Welcome to Nordjyllands Historiske Museum (The Historical Museum of Northern Jutland)
Nordjyllands Historiske Museum works with research, collection, preservation, documentation and presentation of local and cultural history in the municipalities of Aalborg, Mariagerfjord, Rebild and Jammerbugt.
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The pilot of the German plane identified
The local museum hopes to exhibit the wreckage and other finds
German authorities have now confirmed the identity of the German pilot who in 1944 crashed with his Messerschmitt fighter plane in a field in Birkelse in Northern Jutland in Denmark. 14 days ago, a 14-year old schoolboy found the remains of the downed plane, and work began on identifying the pilot. His name is Hans Wunderlich, and he was just 19 years old.
In addition to the remains of the German pilot, a small diary was found, the Luftwaffe-version of “Der Soldatenfreund”. It is both a calendar and a guidebook, in which the pilot has kept all manners of information, eg. data on English planes (drawings of silhouettes), military ranks etc. In the book, the pilot has written his name: Hans Wunderlich. There are no entries for 10th October 1944, the day the plane crashed. The last entry was made on 24th September. All flights in 1944 are possibly registered in the book. The name Hans Wunderlich occurs in both service records and papers from the canteen at the Aalborg base, just as his initials are visible on the watch.
(Photo: © Nordjyllands Historiske Museum)
At the Historical Museum of Northern Jutland (Nordjyllands Historiske Museum) and the conservation centre Bevaringscenter Nordjylland, a handful of employees have been aware of the pilot’s identity for several days. The name was evident from service records, found in the wreckage, as well as from papers from the canteen at the Aalborg base. Moreover, initials on the watch found at the crash site confirm the identity as corporal Hans Wunderlich.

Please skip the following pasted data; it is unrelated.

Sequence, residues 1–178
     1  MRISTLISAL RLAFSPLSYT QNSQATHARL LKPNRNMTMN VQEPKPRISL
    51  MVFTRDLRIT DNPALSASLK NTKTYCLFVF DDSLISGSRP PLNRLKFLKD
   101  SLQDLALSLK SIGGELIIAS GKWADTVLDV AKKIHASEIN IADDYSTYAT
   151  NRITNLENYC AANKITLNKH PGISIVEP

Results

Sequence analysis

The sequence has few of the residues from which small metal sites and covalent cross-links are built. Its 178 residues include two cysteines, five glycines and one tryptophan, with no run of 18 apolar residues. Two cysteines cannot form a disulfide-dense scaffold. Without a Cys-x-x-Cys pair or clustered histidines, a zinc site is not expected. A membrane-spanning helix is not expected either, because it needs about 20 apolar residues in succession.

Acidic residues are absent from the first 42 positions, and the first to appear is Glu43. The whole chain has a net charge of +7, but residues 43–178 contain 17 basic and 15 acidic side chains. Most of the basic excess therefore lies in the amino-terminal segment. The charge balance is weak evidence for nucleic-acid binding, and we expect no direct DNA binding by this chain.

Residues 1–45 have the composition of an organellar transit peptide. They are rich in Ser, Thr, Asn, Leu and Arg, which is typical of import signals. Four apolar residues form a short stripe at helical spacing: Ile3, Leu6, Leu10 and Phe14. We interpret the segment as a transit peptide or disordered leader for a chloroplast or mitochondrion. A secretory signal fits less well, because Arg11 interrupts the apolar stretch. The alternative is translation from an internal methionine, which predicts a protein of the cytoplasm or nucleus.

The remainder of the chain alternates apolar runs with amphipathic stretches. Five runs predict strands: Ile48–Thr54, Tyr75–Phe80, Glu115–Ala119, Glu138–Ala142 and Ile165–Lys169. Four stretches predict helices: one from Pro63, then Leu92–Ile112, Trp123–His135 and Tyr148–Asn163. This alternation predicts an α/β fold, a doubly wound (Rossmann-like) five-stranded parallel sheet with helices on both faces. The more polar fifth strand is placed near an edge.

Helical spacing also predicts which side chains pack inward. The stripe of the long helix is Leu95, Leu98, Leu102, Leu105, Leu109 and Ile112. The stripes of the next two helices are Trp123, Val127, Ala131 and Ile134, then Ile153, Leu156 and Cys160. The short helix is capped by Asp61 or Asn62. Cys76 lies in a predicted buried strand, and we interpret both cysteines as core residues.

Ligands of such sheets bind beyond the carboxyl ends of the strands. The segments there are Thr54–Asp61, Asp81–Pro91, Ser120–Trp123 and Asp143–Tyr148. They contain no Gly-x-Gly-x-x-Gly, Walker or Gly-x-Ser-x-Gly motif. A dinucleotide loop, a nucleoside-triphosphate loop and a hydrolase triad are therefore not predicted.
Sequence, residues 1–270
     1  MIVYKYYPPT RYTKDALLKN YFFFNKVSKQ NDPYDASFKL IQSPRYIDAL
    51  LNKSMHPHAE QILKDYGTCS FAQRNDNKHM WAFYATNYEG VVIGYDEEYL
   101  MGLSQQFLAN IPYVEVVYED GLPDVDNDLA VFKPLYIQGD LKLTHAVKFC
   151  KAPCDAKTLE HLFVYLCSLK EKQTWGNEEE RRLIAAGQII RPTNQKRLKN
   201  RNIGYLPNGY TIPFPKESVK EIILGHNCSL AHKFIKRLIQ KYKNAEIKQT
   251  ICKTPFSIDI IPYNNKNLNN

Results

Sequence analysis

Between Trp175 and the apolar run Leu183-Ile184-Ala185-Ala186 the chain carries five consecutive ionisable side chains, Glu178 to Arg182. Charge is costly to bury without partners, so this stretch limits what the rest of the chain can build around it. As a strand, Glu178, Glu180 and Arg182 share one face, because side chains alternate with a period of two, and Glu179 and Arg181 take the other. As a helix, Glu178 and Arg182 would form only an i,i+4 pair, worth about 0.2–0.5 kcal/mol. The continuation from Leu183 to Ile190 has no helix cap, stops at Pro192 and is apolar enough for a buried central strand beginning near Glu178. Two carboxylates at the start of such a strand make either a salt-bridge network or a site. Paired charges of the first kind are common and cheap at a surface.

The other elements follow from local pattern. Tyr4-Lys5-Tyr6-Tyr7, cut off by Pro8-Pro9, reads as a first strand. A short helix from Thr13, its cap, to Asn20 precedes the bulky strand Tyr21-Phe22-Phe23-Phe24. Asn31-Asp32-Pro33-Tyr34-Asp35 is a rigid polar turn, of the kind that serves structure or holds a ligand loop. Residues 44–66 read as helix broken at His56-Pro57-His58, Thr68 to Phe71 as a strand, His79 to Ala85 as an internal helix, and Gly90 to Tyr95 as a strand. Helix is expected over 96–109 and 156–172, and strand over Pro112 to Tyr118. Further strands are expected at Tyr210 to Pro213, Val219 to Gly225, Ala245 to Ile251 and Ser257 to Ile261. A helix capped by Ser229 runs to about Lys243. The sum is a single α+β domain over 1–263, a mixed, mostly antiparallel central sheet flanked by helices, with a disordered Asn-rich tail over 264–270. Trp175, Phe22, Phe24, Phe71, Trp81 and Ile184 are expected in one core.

Hans Wunderlich was born in Neusorg, Bavaria, on 22nd July 1925. He was unmarried and had no children. The German authorities have reported that his parents died several years ago, and in 2006, his only sister passed away, also leaving no children.
The Historical Museum of Northern Jutland (Nordjyllands Historiske Museum) is currently looking into the possibilities of opening a temporary exhibition of the wreckage and other finds from the crash.
The pilot’s watch was found together with other personal items. The watch is broken, and its hands are missing. Apparently, it has stopped at the time of the crash. What is left of the hands indicate that the time of the crash was approximately 2 pm. The museum is in no doubt that the watch belongs to the pilot, as his initials are etched on the back of the watch: HW – Hans Wunderlich. The watch does not appear to be a military watch, but a personal watch, with extra digits added to the dial later. The purpose of these digits is unclear, but perhaps they were useful for the pilot. The museum would like to hear from anyone who might have an explanation. The “W” visible on the front of the dial indicates the make of the watch, Wagner. The watch factory, which was located in Pforzheim in the southwest of Germany, was bombed on 23rd February 1945. Pforzheim is located approximately 340 kilometres southwest of the town where Hans Wunderlich was born.